What happens when schools get their own police officers?

Police in schools can help shape students’ lifelong view of law enforcement. But racial bias and criminal punishments for small infractions may damage the very relationships they hope to build, critics say.

Joshua Polson/The Greeley Tribune/AP/File
Greeley Police Officer Brad Luebke talks with a student while visiting Meeker Elementary, in Greeley, Colo., in October 2016. School resource officers like Officer Luebke are faced with unique challenges during their day-to-day work in schools.

Police officers may hope that their presence in schools will help them build strong relationships with students, improving police-community relations over the long term. But achieving that goal may require rethinking law enforcement’s role in education, a new report suggests.

Looking at federal data from the 2013-2014 school year, researchers at Education Week found that students in schools with at least one school resource officer (SRO) were 1.5 times more likely to be arrested than their peers in schools that did not have a police presence. The disparity is particularly stark for black students, possibly because police presence is concentrated in districts with a higher proportion of minority students. Black boys were three times more likely to be arrested at school than white boys, the report found.

Rather than building relationships and improving outcomes, students who are arrested or referred to law enforcement can see a drop in school performance and are disproportionately more likely to get involved with the law again as adults, researchers say. Racial bias means that outcomes are particularly poor in communities of color.

“If you lock kids up when they’re young, they’re more likely to end up locked up as an adult,” Joseph Doyle, an associate professor of economics at the Massachusetts Institute of Technology Sloan School of Management, previously told The Christian Science Monitor. “So it looks like tough-on-crime doesn’t really work, it just leads to more crime.” 

Spurred by rising fears of violent crime during the 1980s and 1990s, some schools began turning to police to increase safety on campus. With federal funding, their presence only grew. Following tragedies like the school shooting at Columbine High School in Colorado, an increasing number of parents called for security measures like metal detectors and armed officers. By 2013-14, 44,000 "school resource officers" worked in schools on a full- or part-time basis, Education Week reported.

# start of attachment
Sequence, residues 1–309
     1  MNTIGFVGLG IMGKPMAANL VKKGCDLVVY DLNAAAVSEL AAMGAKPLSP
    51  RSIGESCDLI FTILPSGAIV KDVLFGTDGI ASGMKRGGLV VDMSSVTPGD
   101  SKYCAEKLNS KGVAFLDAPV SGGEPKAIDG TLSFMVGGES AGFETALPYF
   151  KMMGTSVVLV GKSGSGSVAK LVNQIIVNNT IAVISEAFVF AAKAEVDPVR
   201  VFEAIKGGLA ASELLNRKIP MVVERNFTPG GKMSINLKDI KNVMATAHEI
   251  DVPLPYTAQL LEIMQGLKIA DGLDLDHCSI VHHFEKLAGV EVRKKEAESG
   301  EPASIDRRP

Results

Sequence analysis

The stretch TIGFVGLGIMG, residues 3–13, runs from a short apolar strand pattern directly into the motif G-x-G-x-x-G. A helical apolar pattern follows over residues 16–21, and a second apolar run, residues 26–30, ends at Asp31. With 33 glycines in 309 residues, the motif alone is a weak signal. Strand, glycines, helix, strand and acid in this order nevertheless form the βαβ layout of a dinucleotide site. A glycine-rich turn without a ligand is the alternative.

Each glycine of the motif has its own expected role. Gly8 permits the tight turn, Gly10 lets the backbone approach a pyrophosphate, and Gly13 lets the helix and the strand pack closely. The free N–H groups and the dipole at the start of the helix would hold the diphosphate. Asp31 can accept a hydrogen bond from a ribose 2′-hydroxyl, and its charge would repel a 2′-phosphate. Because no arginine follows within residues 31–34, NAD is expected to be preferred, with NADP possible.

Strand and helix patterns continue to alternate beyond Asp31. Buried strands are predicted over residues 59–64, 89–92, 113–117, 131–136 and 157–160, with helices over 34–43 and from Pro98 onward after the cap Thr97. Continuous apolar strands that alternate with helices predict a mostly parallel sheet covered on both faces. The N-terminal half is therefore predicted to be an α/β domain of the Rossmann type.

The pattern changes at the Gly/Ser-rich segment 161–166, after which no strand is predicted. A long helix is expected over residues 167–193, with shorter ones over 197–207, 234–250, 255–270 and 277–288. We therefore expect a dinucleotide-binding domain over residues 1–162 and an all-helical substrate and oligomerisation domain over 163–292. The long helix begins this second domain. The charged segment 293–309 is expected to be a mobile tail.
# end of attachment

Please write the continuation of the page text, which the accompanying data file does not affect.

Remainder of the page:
In some cases, hiring these officers has resulted in an impressive drop in incidents. When Burns Elementary School in Charleston, S.C., hired longtime area cop Eric Jourdan, it saw a decline from 35 incidents in the first half of the year to five in the second half of the year, The Post and Courier reported.

“Our community overall has such a poor perception of the reason for law enforcement,” Principal Lynn Owings told The Post and Courier. "Building that relationship with students when they are young will change their lives forever.”

But the national picture is less positive. Particularly in schools with a high proportion of minorities, the SROs are overused, taking on disciplinary functions that classroom teachers have traditionally performed, experts say.

“When you’re in charge of kids occasionally you need to discipline them, and when you have SROs, that’s who you’re going to rely on. That’s been the mechanical thing: They’re there, so you’ll use them,” Emily Owens, an associate professor of criminology at the University of Pennsylvania, previously told the Monitor.

Arresting students, rather than having a classroom teacher discipline them, brings financial and emotional costs. An American Civil Liberties Union report found that arrested students were twice as likely to drop out of high school – and for those who appeared in court, that figure doubled.

Even for those who stay in school, their experience may change.

“Even though I had good grades, my teachers treated me differently after that,” explained Keshaundra Neal, arrested after walking past a fight in her school when she was 13, in a report for Voices of Youth in Chicago Education

“They saw me as someone who got into fights and got arrested,” she said. Many students report feeling traumatized by their encounter with law enforcement.

Compounding the problem, the cost of employing school resource officers means many schools with a police presence are less likely to have school counselors who can keep an eye on the psychological and developmental effects of arrests on children, Education Week reported. Detaining students also drains the budget of money that could be used to educate them.

So how can police officers help ensure safety without becoming disciplinarians who grease the school-to-prison pipeline? Training is key, National Association of School Resource Officers executive director Mo Canady told Education Week. SROs should see themselves not only as members of law enforcement, but also embrace their role as educators on issues like drug prevention and as informal counselors for students, Mr. Canady said.

The Obama administration supported this training.

"A routine school disciplinary infraction should land a student in the principal's office, not in a police precinct," then-Attorney General Eric Holder said.

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